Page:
Morningstar’s ‘Bucket Portfolio’ is typical of so-called Lazy Portfolios — static investing strategies that never change the percentages allocated to a set of index funds. Fortunately, with one easy fix, we can add an amazing 3½ percentage points to the annualized return of Morningstar’s portfolio. The answer demonstrates a basic use of the ‘momentum factor’ — a rule that economists have proven in hundreds of peer-reviewed studies.
This column is Part 2. Part 1 appeared on Nov. 6, 2018.
The graph above shows a 45-year simulation of the performance of Morningstar’s “Aggressive Bucket Retirement Portfolio.” As explained in my previous column, this investing strategy for 401(k) plans, IRAs, and brokerage accounts holds nine mutual funds in specific percentages at all times.
Because of the static allocations to each of the index funds, the Bucket Portfolio cannot adapt to market conditions. There is no formula to tilt the portfolio toward those assets that are in uptrends and out of assets that are in downtrends.
As a result, over the past 45 years, the Bucket Portfolio would have produced an ending value about half as much as a buy-and-hold of the S&P 500. (Both strategies include dividends.) Someone starting with $100,000 as a young person would end up with $4.19 million in the Bucket Portfolio but twice as much — $8.37 million — in the S&P 500. Naturally, someone in retirement could withdraw a lot more to live on from the index, which had an annualized rate of return of 10.3%, than the Bucket Portfolio with its return of only 8.7%.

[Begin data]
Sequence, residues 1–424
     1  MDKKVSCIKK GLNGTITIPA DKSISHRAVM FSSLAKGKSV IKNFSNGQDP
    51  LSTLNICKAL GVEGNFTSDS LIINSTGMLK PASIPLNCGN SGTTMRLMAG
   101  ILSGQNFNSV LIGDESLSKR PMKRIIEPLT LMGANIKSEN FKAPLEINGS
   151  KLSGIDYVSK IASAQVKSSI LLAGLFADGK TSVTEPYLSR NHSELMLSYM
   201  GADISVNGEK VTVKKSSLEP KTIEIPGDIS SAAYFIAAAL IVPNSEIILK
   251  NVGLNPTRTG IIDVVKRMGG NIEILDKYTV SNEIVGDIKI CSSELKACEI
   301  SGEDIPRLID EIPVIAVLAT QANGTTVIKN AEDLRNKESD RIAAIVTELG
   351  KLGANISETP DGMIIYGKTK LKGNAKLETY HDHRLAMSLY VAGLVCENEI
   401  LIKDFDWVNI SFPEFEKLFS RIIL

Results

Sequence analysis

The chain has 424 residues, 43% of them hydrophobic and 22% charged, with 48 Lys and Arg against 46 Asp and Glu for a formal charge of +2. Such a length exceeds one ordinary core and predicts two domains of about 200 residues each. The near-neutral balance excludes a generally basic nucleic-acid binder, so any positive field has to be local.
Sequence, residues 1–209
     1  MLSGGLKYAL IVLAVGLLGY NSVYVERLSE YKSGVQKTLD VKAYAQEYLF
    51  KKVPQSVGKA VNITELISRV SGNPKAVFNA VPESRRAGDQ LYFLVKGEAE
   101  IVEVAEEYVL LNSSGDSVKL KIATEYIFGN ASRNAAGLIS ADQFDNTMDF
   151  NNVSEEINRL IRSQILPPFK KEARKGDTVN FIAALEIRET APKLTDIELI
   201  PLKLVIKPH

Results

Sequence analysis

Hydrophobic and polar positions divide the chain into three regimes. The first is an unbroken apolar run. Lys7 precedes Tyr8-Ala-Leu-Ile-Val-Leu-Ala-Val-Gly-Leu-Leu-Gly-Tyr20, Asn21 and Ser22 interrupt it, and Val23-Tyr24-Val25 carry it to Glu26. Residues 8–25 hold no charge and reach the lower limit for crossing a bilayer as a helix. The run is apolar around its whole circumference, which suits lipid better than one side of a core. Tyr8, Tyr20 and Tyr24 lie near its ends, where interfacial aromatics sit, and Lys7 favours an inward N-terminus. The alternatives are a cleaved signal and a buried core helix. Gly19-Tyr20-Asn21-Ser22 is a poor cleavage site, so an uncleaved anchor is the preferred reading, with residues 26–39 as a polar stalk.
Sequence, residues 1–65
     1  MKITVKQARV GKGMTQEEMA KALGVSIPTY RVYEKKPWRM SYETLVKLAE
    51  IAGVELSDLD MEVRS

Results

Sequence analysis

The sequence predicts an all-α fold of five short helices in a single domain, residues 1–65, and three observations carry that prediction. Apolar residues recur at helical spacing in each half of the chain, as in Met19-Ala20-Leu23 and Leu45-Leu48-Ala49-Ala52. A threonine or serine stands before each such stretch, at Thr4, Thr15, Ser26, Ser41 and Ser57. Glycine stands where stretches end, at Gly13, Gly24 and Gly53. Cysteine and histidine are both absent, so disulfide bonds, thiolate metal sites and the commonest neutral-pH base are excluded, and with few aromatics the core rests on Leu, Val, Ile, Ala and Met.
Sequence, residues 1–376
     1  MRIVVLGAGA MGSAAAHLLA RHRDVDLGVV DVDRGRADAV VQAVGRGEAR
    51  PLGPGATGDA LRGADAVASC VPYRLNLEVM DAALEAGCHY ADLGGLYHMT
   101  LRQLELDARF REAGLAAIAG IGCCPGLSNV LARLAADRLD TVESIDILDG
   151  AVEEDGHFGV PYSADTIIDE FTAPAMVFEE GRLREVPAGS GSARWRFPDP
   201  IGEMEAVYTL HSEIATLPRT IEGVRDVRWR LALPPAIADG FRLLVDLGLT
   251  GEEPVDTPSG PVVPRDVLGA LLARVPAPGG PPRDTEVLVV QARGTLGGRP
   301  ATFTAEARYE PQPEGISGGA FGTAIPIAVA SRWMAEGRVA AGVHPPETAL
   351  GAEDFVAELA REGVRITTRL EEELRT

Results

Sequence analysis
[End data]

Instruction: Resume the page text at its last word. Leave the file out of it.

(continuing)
Ending up with half the wealth at the end of a lifetime of investing might be justified if the Bucket Portfolio kept bear-market losses to a bare minimum. However, the Bucket’s worst loss, more than –31%, is beyond what many or most individual investors would tolerate. Yes, it’s better than the S&P 500’s –51% maximum drawdown. But losing more than 30% of your life savings still would compel a lot of people to liquidate their holdings to stop the emotional pain.
The graph above was generated by the Quant simulator. This program was developed by Mebane Faber, co-author of The Ivy Portfolio. I consider it a simulator rather than a backtester, because Quant contains no data on individual stocks. Instead, it’s one of the few tools that includes the actual performances of indexes such as developed-market stocks, REITs, commodities, bonds, etc. It also subtracts transaction costs and fees. The program can be requested from Faber as a free bonus upon a $399 subscription to his Idea Farm Newsletter.